Another attempt to unscramble the egg - Two new ministries for electronic communications revisited

Posted by LA Thornton on Monday, December 8, 2014
On December 2 2014, the President published a proclamation re-assigning the administration of powers and functions of the ICASA Act and EC Act to the now separate Ministry of Communications and Ministry of Telecommunications and Postal Services.

This new attempt to unscramble the egg is a far better attempt than the original notice.  However, difficulties remain. 


The MoC has the authority in terms of section 14A of the ICASA Act to approve the appointment of experts by ICASA (in certain circumstances).  There was no attempt to separate out the matters concerning matters of telecommunications, postal services and electronic transactions.

Section 15(1A) of the ICASA Act regarding ICASA's funding is now assigned to both the MoC and MoTaPS.  ICASA not only has to go through one ministry to get its funding, it now must go through two.  One can imagine that this might be good for ICASA, allowing ICASA more than one avenue to get adequately funded - or it might be disastrous, resulting in a system bogged down by lack of clarity, resulting in ICASA being completely unfunded or greatly underfunded.

EC Act

There is an attempt to separate out the provisions in the EC Act concerning broadcasting.  However, the separation is not complete, leaving some of the issues to the MoTaPS.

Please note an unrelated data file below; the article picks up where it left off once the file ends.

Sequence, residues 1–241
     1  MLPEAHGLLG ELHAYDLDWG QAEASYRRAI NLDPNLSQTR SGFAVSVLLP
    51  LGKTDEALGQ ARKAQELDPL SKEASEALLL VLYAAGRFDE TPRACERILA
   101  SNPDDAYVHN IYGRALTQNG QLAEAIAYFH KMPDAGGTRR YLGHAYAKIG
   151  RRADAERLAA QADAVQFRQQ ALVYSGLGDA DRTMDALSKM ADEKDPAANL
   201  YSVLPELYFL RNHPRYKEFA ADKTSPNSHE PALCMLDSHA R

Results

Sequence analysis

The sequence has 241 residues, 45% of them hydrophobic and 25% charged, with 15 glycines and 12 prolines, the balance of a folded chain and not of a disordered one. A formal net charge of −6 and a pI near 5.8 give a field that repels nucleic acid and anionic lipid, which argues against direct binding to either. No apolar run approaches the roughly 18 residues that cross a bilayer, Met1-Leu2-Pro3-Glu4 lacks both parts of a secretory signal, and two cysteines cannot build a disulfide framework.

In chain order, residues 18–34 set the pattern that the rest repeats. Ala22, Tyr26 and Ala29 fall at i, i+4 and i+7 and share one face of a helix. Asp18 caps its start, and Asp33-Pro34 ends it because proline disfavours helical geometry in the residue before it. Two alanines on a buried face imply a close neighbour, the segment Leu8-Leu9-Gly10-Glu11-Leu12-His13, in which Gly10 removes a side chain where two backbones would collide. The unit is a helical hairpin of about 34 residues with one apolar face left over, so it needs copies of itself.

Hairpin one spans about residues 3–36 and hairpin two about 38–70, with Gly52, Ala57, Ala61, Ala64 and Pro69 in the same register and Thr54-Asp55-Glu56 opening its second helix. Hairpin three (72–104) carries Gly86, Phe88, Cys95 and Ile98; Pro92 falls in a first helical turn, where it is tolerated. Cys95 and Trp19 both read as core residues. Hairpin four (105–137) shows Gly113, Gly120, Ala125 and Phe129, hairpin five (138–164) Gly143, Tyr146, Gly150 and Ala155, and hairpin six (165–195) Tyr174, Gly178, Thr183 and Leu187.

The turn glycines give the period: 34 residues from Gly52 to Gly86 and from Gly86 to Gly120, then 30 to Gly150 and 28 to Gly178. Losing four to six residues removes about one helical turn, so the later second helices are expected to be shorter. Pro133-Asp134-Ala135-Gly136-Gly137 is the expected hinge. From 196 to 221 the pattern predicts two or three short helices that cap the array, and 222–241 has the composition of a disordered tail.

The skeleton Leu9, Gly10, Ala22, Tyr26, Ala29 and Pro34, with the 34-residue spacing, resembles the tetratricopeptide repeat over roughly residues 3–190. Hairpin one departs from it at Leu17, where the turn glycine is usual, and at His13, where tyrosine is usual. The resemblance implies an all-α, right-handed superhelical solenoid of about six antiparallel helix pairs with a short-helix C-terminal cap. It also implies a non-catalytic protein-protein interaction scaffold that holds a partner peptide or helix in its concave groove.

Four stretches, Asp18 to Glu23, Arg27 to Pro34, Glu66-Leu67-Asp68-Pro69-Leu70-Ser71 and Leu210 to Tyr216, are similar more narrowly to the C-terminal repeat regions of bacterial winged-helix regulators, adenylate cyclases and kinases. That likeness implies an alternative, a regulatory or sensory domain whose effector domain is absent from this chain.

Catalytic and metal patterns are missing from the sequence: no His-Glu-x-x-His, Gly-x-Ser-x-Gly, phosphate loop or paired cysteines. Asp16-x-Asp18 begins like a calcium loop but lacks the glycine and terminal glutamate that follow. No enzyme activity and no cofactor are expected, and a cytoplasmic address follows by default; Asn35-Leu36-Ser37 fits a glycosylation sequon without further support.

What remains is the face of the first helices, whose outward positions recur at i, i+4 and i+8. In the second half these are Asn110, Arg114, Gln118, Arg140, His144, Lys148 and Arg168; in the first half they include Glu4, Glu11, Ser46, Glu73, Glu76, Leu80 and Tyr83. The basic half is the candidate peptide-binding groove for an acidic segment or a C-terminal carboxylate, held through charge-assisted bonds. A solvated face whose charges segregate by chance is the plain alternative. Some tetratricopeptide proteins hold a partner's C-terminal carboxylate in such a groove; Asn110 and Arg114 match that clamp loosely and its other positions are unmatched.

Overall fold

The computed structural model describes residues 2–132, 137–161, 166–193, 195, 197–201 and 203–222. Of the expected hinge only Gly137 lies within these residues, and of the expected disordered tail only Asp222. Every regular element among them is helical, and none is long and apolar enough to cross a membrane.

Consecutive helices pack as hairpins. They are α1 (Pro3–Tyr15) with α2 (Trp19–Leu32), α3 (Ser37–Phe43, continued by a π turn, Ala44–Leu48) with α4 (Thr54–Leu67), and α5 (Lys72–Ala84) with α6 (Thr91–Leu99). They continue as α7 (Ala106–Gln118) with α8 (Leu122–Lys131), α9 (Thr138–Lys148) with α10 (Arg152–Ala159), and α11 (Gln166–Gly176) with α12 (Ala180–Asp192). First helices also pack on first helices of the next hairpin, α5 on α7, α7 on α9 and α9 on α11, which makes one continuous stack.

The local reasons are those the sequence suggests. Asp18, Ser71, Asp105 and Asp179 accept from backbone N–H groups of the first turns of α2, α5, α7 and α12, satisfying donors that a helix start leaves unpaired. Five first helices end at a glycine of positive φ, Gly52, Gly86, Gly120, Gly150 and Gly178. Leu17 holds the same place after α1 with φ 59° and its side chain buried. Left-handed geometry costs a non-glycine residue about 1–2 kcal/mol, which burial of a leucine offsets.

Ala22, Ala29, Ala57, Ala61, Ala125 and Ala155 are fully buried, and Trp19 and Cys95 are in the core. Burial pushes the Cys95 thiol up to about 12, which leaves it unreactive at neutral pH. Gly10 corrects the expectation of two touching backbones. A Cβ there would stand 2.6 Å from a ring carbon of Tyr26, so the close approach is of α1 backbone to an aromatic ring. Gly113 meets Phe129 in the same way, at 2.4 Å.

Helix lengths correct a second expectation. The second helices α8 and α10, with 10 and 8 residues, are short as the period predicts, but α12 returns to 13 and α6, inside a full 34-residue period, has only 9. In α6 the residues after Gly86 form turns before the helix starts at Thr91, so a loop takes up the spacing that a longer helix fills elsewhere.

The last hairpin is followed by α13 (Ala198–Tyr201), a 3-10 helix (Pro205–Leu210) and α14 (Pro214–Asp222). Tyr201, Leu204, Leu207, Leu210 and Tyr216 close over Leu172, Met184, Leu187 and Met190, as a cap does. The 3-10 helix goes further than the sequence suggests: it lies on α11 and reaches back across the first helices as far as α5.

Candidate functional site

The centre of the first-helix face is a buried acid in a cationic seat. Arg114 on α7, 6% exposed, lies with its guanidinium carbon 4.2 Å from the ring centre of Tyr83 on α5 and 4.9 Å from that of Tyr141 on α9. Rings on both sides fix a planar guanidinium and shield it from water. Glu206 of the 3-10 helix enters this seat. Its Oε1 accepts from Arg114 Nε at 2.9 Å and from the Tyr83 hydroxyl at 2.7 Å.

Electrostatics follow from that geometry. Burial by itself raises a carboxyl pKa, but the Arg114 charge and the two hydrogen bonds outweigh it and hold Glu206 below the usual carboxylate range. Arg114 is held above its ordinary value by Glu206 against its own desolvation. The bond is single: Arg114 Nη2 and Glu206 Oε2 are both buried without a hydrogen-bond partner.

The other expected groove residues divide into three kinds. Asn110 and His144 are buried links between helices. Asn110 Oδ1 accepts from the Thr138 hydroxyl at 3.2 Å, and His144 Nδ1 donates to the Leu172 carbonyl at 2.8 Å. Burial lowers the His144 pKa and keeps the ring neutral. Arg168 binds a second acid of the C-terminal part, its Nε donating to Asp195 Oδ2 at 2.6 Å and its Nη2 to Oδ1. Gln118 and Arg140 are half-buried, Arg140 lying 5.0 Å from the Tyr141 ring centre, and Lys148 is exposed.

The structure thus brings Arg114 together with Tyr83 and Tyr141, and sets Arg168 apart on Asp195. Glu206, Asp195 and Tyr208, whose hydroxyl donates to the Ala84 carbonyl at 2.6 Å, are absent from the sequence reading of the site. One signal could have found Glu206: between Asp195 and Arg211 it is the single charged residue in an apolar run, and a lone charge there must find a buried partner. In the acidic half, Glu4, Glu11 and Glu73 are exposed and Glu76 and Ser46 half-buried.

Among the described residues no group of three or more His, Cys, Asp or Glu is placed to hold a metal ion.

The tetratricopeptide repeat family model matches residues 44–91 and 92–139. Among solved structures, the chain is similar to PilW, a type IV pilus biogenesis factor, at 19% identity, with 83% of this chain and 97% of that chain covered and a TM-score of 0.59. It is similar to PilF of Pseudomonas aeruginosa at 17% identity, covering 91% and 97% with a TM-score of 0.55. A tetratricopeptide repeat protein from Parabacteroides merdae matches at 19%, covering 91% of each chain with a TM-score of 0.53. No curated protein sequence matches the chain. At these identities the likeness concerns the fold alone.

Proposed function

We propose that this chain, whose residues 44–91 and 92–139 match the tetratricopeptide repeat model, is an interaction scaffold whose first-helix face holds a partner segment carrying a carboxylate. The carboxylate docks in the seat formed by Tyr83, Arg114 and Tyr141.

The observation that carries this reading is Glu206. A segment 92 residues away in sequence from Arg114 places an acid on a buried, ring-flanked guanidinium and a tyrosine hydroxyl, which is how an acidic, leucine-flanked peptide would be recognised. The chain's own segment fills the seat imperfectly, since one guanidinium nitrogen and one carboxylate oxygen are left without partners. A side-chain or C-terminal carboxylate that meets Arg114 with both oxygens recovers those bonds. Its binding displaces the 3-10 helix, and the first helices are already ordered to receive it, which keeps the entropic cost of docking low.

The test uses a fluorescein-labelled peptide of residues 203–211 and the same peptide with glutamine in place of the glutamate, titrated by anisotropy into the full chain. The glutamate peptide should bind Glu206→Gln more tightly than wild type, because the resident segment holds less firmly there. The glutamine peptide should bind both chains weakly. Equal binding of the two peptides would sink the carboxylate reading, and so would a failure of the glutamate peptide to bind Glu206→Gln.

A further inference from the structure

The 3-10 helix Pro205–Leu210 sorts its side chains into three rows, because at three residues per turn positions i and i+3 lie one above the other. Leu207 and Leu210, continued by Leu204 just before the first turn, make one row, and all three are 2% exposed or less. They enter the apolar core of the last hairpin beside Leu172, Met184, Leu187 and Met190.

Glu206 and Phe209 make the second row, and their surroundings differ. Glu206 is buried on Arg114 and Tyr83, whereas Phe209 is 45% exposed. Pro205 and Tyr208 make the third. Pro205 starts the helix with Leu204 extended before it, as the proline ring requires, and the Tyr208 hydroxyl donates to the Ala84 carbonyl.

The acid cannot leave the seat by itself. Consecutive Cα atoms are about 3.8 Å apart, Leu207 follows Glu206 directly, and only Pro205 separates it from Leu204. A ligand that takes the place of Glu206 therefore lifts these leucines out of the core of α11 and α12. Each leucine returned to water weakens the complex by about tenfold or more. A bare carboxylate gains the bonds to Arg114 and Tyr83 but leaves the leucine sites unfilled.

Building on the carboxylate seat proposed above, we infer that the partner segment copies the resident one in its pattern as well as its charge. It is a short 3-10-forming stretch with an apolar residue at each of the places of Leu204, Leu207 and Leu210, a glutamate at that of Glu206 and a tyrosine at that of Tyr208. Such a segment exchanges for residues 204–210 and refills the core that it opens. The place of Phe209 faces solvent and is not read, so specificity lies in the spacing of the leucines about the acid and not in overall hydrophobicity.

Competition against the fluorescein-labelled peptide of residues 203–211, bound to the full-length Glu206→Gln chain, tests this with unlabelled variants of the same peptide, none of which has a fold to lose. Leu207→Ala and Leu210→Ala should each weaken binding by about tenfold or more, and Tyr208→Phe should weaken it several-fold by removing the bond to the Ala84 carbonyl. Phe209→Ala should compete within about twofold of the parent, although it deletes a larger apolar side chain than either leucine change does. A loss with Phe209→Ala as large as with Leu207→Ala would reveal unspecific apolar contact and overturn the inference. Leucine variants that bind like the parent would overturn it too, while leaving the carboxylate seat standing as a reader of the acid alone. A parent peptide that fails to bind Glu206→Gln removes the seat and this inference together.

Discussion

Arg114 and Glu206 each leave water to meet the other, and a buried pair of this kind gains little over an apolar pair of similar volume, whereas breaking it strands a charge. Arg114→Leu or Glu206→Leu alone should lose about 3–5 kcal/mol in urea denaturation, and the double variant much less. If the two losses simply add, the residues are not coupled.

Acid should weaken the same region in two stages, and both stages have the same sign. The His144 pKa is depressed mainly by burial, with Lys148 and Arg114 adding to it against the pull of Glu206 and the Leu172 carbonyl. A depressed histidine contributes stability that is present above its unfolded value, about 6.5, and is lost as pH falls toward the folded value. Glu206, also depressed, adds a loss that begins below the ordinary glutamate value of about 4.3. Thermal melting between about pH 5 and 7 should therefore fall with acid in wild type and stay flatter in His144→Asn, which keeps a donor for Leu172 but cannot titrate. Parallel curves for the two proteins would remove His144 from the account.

For example, section 4(5) regarding the making of regulations is now given to the MoC in respect of the Broadcasting Act and ICASA Act and MoTaPS in respect of the EC Act.  However, as we know, the EC Act concerns a lot of broadcasting issues.  A similar arises in respect of the reassignment of section 5(6) regarding policy directions in respect of iECNS licences.  A more nuanced re-assignment will be necessary.

In recognition that the EC Act concerns broadcasting issues, the administration of Chapter 9 of the EC Act regarding is now assigned to the MoC.  However, there are significant other provisions in the EC Act that concern broadcasting, for example the licensing provisions as well as those relating to rights of way and spectrum.  Again, a more nuanced re-assignment is necessary.

In conclusion, while this new proclamation is certainly a more nuanced assignment of legislative provisions, the inherent difficulty of giving responsibility over a converged ICT industry to two separate Ministers, remains. 

Tags: "minister of telecommunications and postal services" "electronic communications act" "icasa act" "minister of communications" 
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